Screen capture of technology 4 classrooms wiki

http://tools4classroom.wetpaint.com/

If you have time, please add a tool to the wiki space, and let me know any useful website about Web 2.0 technology integration to classroom. You are more than welcome to suggest a categorizing method as a comment.

(Last, congratulations on launching a blog!  I hope this blog will be a resource and a communication point in the instructional technology field.)

Guest blogger:  Dr. Jongpil Cheon is an Assistant Professor in the Department of Educational Psychology and Leadership in the Instructional Technology program at Texas Tech University.  He taught elementary schools in Incheon, Korea, and has served as an instructor at the Incheon Education and Science Research Institute, Incheon, Korea. Dr. Cheon has received numerous honors, such as being named outstanding doctoral student at the University of Memphis, and was inducted into the Phi Kappa Phi National Honor Society. He has contributed to several instructional technology books and has many presentations and publications in the fields of adaptive learning system, online instruction and interface design. He has also served as a system manager in Advanced Instructional Multimedia Lab at the University of Memphis, and developed numerous websites, instructional technology integration manuals, and Web-based courses.

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Lynn Schrum

Lynn Schrum

I have studied educational technology for over 20 years; my work has focused primarily on teachers’ use of technology for teaching, learning, and professional enhancement.  Overall, we have always seen wonderful pockets of projects and ideas that are making a difference but we have not really seen the dramatic, large scale implementations that some of us have hoped for!  Recently, I reread The National Education Technology Plan (http://www.nationaledtechplan.org/), released by the U.S. Department of Education in January 2005, and I was struck that its first action step is to “strengthen leadership.” A true “ah-ha” moment!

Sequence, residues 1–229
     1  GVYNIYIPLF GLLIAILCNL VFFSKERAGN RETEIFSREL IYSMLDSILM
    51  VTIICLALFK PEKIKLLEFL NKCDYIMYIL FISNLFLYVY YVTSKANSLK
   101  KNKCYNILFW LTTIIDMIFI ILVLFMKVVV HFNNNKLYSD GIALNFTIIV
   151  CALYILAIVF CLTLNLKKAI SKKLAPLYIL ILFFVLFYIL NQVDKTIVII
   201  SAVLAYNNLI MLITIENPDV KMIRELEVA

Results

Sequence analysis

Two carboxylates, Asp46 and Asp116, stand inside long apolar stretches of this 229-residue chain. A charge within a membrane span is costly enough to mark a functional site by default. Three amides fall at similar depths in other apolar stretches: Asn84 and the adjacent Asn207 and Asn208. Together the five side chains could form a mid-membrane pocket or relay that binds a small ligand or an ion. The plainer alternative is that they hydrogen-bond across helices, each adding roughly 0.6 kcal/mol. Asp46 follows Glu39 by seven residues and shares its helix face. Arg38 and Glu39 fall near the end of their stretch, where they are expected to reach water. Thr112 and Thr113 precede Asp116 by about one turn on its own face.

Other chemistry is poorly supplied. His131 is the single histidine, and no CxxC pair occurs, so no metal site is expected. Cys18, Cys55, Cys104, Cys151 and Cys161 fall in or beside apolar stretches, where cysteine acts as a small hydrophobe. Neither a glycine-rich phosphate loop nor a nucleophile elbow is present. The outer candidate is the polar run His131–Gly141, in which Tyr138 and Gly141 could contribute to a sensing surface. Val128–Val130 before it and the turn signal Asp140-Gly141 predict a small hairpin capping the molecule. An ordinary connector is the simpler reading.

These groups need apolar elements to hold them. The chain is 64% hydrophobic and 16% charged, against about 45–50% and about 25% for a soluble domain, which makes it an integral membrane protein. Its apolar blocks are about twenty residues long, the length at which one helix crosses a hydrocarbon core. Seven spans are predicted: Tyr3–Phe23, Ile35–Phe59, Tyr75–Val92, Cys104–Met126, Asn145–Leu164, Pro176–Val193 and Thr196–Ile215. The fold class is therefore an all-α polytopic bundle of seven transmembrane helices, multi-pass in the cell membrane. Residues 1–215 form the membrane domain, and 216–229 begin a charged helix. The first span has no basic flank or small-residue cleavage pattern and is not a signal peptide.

Although teachers often have courses in technology integration at the preservice and inservice levels, unless those teachers also have the leadership of their administrator, they may be unable to successfully use that technology (NCES, 2000). It seems clear that administrators are not able to lead their schools’ or districts’ technology integration if they do not understand what is involved in this process. Additionally, while the ISTE NETS for students and teachers have been widely adopted and adapted, the administrator standards (currently being refreshed: http://www.iste.org/Content/NavigationMenu/NETS/NETSRefreshProject/NETS_Refresh.htm) have had little impact thus far.

In a recent review of the 50 United States, Schrum, Galizio, and Ledesma (under review) found that only a few states mentioned technology integration as necessity for new administrators to earn their license.  A few required a portfolio (although not necessarily an electronic one!), and one did mention technology, but in general, states leave it up to institutions to determine what a future administrator needs to know about technology.  In an examination of several universities who are recognized by each state to grant or recommend administrators, many have a course on “Data Driven Decision Making” but only a few had a course on technology integration as a requirement.  We can be pretty certain that there is a relationship between the technology training school leaders have (or seek) and the support teachers receive for integrating it.